Wisdom teeth in teenagers might raise a lot of doubts regarding whether or not they need to be removed.
The emergence of wisdom teeth, a problem that affects teenagers and young adults, must be watched by an expert pediatric dentist at each appointment so that a proper treatment plan may be devised.
Let’s go over some of the fundamentals of wisdom teeth so we can answer some of the most often asked questions.
What are wisdom teeth, and what do they do?
Wisdom teeth, which occur in teenagers between the ages of 17 and 21, are so named because they appear when a child is older and more mature.
These teeth, sometimes known as ‘third molars,’ can cause dental difficulties if there isn’t enough room in the mouth to accept them.
However, this isn’t always the case. Some people have enough room in their mouth to have their wisdom teeth come in, and these extra teeth really help with chewing without causing any additional problems.
Every year, however, an estimated 5 million people in the United States have some or all of their wisdom teeth extracted.
This implies that if your adolescent exhibits any of the warning signals listed below, they should have their wisdom teeth evaluated to see if they need to be extracted.
The fact that wisdom teeth are a ‘leftover’ from when our human ancestors had to grind down plant stuff while eating is fascinating to most children.
Wisdom teeth, like the appendix and tailbone, are referred to as vestigial’ organs since they no longer serve the function they formerly did in ancestral humans.
Because our forefathers had wider jaws and shed teeth more frequently, their mouths had more room for more teeth. Wisdom teeth have become obsolete as a result of modern dental care and the evolution of our jaws, and may now be removed without affecting the body’s basic functions.
Wisdom teeth have become obsolete as a result of modern dental care and the evolution of our jaws, and may now be removed without affecting the body’s basic functions.
What are the indicators that your adolescent's wisdom teeth need to be extracted?
In most healthy people, there are 28 teeth in total, with wisdom teeth adding four more to the mouth.
Because there are 32 teeth in total, a shortage of space in the mouth might cause discomfort or suffering.
If your adolescent is experiencing any of the following problems, they should contact a pediatric dentist:
Swelling of the gums or face
Despite the fact that wisdom teeth do not appear until the ages of 17-21, pediatric dentists play a significant role in monitoring and analyzing their arrival.
Because pediatric dentists treat patients throughout their adolescent years, they can begin checking for wisdom teeth as soon as your child turns 15 or 16.
Because wisdom teeth can cause problems because the mouth is often too small to manage the arrival of these four new molars, your pediatric dentist will check for them every six months.
X-rays may be used to determine the arrival and alignment of your child’s four wisdom teeth.
X-rays are particularly useful in determining whether the wisdom teeth are impacted.
This indicates that they are still buried beneath the gums and are not breaking through.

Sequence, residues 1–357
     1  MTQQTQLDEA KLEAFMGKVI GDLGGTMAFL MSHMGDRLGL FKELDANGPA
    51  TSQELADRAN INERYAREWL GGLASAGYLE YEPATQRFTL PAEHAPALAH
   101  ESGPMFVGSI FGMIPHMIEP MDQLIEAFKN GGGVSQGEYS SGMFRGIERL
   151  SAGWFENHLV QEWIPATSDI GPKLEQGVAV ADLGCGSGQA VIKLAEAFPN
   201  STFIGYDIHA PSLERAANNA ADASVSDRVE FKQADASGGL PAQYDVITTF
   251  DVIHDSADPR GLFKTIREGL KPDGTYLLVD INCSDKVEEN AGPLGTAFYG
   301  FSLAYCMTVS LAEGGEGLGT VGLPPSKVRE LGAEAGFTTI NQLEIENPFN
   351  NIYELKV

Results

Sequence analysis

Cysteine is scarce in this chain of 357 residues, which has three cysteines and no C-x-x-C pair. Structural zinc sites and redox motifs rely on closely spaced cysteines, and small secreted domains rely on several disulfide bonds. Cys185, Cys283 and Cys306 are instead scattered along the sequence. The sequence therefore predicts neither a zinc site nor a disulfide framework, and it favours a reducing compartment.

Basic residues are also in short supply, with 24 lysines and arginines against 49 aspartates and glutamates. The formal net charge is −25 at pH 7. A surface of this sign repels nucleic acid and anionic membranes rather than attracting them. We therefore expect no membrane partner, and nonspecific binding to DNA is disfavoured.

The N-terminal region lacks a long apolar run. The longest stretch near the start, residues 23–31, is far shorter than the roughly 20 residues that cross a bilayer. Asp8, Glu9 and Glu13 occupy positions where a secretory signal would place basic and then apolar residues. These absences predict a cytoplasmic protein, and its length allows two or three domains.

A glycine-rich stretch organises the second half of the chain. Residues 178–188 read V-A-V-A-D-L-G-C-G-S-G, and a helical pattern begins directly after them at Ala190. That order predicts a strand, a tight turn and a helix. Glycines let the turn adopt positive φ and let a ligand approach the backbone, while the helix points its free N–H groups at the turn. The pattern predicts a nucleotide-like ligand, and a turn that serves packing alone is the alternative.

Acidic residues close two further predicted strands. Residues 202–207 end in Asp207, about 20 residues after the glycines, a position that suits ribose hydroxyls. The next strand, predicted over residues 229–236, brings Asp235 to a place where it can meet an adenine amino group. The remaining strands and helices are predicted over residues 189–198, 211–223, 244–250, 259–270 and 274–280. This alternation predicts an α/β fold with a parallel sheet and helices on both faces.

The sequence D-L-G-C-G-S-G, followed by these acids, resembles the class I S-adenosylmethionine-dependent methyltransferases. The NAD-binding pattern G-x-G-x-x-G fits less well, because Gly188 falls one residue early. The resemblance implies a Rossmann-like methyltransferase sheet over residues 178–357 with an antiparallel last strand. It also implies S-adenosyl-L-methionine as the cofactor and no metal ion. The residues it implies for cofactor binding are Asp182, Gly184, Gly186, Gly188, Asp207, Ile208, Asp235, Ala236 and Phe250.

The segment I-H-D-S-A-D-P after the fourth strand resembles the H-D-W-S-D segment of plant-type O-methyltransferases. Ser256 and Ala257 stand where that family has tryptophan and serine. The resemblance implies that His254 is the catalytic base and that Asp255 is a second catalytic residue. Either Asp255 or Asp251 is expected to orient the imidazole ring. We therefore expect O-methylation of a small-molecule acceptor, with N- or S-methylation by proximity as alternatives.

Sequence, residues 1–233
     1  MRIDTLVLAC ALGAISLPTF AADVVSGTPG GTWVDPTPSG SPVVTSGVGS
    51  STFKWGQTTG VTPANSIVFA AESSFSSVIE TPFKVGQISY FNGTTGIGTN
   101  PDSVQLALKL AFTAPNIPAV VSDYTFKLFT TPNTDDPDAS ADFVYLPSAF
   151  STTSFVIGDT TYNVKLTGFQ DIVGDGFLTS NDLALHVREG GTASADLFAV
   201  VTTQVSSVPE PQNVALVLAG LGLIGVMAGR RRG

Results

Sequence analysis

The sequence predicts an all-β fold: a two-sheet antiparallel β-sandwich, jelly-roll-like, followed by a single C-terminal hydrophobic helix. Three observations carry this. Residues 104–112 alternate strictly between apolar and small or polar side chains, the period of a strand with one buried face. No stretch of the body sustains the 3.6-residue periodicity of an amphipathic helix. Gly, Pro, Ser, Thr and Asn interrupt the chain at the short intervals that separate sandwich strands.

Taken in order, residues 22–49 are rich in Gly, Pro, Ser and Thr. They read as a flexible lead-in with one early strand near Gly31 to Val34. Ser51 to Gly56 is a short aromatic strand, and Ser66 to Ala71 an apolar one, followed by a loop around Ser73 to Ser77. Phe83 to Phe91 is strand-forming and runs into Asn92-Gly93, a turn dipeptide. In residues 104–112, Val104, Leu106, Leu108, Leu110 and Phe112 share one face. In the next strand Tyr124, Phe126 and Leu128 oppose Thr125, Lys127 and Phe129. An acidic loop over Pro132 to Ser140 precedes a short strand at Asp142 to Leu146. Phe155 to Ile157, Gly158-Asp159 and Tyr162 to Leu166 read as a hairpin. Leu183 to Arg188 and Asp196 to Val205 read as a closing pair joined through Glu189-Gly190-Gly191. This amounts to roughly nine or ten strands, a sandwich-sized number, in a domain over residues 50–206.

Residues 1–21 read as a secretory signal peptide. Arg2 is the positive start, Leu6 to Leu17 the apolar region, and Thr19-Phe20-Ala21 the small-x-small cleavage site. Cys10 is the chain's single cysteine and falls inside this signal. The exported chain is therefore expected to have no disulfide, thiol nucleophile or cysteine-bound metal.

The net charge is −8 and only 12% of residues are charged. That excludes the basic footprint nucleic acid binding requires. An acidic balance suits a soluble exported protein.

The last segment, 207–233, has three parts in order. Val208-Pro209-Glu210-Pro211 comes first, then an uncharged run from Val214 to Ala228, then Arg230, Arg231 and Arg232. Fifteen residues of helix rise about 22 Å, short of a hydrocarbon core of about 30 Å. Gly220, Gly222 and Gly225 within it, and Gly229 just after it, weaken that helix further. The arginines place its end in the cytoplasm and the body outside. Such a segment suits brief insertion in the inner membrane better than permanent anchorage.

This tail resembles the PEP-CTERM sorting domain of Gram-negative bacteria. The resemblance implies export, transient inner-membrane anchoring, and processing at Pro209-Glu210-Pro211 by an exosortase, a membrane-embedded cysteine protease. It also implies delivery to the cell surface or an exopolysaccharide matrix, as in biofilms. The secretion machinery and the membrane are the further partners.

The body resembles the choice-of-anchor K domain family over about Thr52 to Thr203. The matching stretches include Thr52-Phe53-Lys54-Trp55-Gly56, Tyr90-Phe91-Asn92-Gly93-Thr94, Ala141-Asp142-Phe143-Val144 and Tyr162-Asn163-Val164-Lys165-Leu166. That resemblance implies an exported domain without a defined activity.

This does not inherently imply that they must be extracted; rather, their position and the impact of wisdom teeth on surrounding teeth must be monitored.
Your child’s pediatric dentist may also refer them to an oral surgeon for a consultation on their wisdom teeth and whether or not they should be removed.
Is it really necessary to remove wisdom teeth?
Because the jaw has ceased developing throughout young adulthood, the introduction of four new teeth can cause complications and necessitate wisdom tooth evacuation.
As previously stated, not everyone requires wisdom tooth extraction, and some people only require partial extraction of their wisdom teeth.
If there is discomfort or swelling, it is evident that removing the impacted wisdom teeth will be advantageous in these situations.
Wisdom teeth rubbing up against other teeth might cause problems including damage or infection.
Furthermore, if a wisdom tooth emerges but does not fully erupt, it becomes more difficult to clean, perhaps leading to decay, cavities, or gum disease.
This is especially true because they are at the rear of the mouth, where brushing and flossing are more difficult.
The arrival and impact of wisdom teeth must be closely monitored, and your pediatric dentist can decide whether or not these new molars may create difficulties.
Ignoring a wisdom tooth that is likely to affect your existing teeth is not a good idea since it can cause a lot of pain, crooked teeth, and damage or dissolve the roots of your existing molars.
It is preferable to get wisdom teeth removed sooner rather than later.
Because the roots haven’t fully formed, they’re easier to remove and the recuperation time is quicker.
If the surgery is allowed to fully erupt, it can take a long time to recuperate.
When there are no evident indicators of pain or dental concerns, some people question whether wisdom teeth extraction is required.
Because wisdom teeth can erupt in a variety of ways and cause a variety of problems depending on where they are placed in the mouth, it is best to consult a pediatric dentist about your child’s teeth and how these third molars may affect their development as they progress from adolescence to adulthood.